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SparkFun Auto pHAT for Raspberry Pi

The SparkFun Auto pHAT for Raspberry Pi is an all in one robotics package that focuses on quickly adding robot functionality and support to your Raspberry Pi or other single-board computer. The Auto pHAT can drive two small DC motors with or without encoders and up to four servo motors in a straightforward manner via an I2C connection. The servo control is based on the SparkFun servo pHAT and thanks to its I2C capabilities, this PWM add-on saves the Raspberry Pi's GPIO pins, allowing you to use them for other purposes. We have also provided a Qwiic connector for easy interfacing with the I2C bus using the Qwiic system. Whether you use the Auto pHAT with a Raspberry Pi, NVIDIA, Jetson Nano, Google Coral, or other SBC, it makes for a unique robotics addition for and board with a 2x20 GPIO.

The DC motor control comes from the same 4245 PSOC and 2-channel motor ports system used on the SparkFun Qwiic Motor Driver. This provides 1.2A steady state drive per channel (1.5A peak) and 127 levels of DC drive strength. The SparkFun Auto pHAT also supports up to two motor encoders thanks to the onboard ATTINY84A to provide more precise movement to your creation!

Additionally, the Auto pHAT has an on-board ICM-20948 9DOF IMU for all your motion sensing needs. This enables your robot to access the 3-Axis Gyroscope with four selectable ranges, 3-Axis Accelerometer, again with four selectable ranges, and 3-axis magnetometer with an FSR of ±4900µT.

Power to the SparkFun Auto pHAT can be supplied through USB-C connector or external power. This will power either the motors only, or power the motors as well as the Raspberry Pi that is connected to the HAT. We've even added power protection circuits to the design, to avoid damage to power sources.

  • 4245 PSOC and 2-channel motor ports programmable using Qwiic library
  • On board ATTINY84A supports up to two DC motor encoders
  • 5v pass-through from RPi
  • On board ICM-20948 9DOF IMU for motion sensing accessible via Qwiic library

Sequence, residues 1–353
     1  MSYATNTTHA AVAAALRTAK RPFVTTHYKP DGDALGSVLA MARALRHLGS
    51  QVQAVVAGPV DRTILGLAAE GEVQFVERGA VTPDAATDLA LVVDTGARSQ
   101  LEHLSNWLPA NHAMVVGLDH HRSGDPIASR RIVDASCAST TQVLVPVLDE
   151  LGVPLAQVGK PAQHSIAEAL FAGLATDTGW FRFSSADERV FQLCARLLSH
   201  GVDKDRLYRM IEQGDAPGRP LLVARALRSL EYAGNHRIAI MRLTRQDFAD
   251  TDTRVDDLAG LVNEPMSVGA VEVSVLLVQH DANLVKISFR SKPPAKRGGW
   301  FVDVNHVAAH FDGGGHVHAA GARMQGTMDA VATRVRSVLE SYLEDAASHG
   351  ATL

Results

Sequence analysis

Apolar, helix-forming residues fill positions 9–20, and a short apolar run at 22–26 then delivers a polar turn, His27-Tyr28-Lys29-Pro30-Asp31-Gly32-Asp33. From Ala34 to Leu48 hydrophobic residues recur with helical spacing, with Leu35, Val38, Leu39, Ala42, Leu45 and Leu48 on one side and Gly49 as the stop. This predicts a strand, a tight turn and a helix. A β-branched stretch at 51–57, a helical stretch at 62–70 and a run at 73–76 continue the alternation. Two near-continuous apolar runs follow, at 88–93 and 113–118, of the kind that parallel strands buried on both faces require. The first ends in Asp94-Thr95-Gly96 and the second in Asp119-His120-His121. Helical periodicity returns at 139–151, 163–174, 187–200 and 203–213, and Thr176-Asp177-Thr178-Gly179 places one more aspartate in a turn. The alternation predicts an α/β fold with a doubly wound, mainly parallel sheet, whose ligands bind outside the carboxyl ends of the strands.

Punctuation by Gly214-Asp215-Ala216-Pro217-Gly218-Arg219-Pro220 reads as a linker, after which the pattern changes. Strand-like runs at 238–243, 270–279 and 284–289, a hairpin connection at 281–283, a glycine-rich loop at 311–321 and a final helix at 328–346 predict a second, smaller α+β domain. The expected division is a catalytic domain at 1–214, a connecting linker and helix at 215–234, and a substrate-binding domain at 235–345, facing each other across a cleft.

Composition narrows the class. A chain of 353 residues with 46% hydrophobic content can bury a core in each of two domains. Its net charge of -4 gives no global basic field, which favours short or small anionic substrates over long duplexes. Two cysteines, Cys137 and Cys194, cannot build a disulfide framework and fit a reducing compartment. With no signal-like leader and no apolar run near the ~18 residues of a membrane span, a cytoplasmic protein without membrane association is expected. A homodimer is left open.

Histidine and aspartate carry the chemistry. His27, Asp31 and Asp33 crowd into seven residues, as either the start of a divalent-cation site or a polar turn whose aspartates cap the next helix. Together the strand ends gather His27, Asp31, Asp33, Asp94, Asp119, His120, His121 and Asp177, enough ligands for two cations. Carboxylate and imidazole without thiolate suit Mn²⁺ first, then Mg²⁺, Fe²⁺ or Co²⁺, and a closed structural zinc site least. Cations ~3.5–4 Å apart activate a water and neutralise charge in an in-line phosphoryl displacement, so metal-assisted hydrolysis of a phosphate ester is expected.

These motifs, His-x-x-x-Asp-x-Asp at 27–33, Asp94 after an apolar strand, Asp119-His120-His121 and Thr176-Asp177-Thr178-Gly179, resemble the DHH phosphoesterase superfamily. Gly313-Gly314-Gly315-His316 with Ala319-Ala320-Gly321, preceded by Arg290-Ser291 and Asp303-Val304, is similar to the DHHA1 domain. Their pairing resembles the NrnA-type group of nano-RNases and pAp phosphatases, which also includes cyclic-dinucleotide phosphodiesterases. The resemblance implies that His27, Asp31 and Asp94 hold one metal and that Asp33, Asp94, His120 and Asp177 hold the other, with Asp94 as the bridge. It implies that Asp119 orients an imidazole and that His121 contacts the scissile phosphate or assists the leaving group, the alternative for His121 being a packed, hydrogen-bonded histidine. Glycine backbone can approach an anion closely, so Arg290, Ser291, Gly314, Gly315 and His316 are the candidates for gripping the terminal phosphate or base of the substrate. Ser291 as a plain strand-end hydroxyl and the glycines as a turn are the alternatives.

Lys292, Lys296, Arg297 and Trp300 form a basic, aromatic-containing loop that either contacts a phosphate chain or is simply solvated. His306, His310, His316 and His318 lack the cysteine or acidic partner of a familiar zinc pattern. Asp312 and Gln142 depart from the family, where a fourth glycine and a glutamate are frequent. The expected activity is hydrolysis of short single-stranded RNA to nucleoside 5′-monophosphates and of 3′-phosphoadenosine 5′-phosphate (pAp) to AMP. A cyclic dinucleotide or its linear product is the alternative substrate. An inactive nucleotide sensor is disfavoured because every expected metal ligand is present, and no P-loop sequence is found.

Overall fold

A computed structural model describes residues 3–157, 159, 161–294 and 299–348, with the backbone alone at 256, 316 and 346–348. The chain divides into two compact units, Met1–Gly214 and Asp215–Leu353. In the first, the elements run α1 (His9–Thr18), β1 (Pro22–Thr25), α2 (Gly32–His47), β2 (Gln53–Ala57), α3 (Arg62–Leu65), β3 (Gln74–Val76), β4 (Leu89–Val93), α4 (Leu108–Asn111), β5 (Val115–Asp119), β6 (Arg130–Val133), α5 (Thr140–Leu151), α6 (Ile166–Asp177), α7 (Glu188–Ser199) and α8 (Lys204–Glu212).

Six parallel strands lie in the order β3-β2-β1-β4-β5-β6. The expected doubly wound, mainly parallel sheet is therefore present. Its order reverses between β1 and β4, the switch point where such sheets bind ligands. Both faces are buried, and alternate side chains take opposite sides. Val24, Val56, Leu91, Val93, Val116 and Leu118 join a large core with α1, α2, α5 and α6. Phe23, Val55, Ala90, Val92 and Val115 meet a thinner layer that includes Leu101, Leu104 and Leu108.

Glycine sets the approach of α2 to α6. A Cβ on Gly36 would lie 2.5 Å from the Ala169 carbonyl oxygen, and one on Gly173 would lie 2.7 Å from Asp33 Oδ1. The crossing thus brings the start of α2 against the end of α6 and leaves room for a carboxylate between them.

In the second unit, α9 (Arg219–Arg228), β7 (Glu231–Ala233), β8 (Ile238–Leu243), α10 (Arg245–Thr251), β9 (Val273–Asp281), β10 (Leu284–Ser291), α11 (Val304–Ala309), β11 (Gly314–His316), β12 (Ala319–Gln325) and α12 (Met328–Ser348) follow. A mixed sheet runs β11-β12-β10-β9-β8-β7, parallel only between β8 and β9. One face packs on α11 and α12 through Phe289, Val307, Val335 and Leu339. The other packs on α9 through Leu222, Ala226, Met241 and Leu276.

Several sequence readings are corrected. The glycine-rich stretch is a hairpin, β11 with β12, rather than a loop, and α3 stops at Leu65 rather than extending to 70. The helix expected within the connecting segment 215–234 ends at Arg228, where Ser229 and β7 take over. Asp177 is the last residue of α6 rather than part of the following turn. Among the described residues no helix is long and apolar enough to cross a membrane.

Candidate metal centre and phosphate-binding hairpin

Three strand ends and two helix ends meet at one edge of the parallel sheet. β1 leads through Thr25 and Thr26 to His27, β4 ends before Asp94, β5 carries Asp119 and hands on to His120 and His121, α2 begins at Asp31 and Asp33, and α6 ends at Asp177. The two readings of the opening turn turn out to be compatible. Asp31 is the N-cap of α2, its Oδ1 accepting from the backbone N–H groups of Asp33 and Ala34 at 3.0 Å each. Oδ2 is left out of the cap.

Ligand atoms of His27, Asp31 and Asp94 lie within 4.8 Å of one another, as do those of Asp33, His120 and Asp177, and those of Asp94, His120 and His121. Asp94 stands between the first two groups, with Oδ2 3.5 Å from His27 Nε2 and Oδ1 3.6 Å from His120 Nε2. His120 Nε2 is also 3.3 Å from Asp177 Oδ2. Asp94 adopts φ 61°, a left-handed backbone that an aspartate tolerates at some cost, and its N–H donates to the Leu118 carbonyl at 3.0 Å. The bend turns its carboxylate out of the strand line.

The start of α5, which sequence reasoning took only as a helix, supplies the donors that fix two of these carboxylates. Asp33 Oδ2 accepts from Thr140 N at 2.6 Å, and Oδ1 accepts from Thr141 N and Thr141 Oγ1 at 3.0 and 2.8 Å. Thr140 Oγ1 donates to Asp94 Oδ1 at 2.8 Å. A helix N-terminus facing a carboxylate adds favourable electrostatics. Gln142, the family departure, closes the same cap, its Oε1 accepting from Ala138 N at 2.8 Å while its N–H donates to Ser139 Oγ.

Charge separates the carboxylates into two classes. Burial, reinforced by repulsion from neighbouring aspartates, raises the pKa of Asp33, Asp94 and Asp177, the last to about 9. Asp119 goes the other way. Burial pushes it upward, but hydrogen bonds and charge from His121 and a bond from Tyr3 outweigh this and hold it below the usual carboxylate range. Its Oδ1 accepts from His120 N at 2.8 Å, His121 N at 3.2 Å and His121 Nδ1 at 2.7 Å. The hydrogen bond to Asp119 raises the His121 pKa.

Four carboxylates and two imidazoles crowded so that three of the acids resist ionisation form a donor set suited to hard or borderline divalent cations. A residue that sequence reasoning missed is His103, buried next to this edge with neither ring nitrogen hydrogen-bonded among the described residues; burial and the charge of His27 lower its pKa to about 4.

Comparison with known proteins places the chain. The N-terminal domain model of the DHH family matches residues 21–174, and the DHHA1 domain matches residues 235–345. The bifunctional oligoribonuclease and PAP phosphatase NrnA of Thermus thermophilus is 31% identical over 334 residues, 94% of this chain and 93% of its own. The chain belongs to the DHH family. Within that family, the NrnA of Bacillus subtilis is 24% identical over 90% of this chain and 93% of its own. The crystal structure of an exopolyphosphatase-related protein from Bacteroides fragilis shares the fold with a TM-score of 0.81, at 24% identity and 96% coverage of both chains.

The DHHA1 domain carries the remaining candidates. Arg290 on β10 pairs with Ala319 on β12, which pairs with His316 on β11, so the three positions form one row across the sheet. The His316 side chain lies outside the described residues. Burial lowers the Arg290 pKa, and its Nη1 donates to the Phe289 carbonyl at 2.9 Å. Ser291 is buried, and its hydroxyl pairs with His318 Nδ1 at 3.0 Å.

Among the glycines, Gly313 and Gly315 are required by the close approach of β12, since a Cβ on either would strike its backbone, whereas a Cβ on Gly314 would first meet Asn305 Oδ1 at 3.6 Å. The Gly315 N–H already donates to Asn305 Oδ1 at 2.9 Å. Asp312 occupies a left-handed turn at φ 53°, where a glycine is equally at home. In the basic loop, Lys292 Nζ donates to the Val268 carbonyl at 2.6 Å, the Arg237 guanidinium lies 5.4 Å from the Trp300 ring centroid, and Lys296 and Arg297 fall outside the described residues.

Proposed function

• PWM control for up to four servos
  • Qwiic connector for expansion to full SparkFun Qwiic ecosystem
  • Designed for stacking, full header support & can use additional pHATs on top of it
  • Uninhibited access to the RPi camera connector & display connector.
  • USB-C for powering 5V rail (Motors/Servos/backpowering Pi)
  • External power inputs broken out to PTH headers

SparkFun Auto pHAT for Raspberry Pi Product Help and Resources

SparkFun Auto pHAT Hookup Guide

April 16, 2020

The pHAT to get your projects moving. This guide will help you get started using the Auto pHAT.

Core Skill: Robotics

This skill concerns mechanical and robotics knowledge. You may need to know how mechanical parts interact, how motors work, or how to use motor drivers and controllers.

2 Robotics

Skill Level: Rookie - You will be required to know some basics about motors, basic motor drivers and how simple robotic motion can be accomplished.
See all skill levels

Core Skill: DIY

Whether it's for assembling a kit, hacking an enclosure, or creating your own parts; the DIY skill is all about knowing how to use tools and the techniques associated with them.


Skill Level: Noob - Basic assembly is required. You may need to provide your own basic tools like a screwdriver, hammer or scissors. Power tools or custom parts are not required. Instructions will be included and easy to follow. Sewing may be required, but only with included patterns.
See all skill levels

Core Skill: Programming

If a board needs code or communicates somehow, you're going to need to know how to program or interface with it. The programming skill is all about communication and code.

3 Programming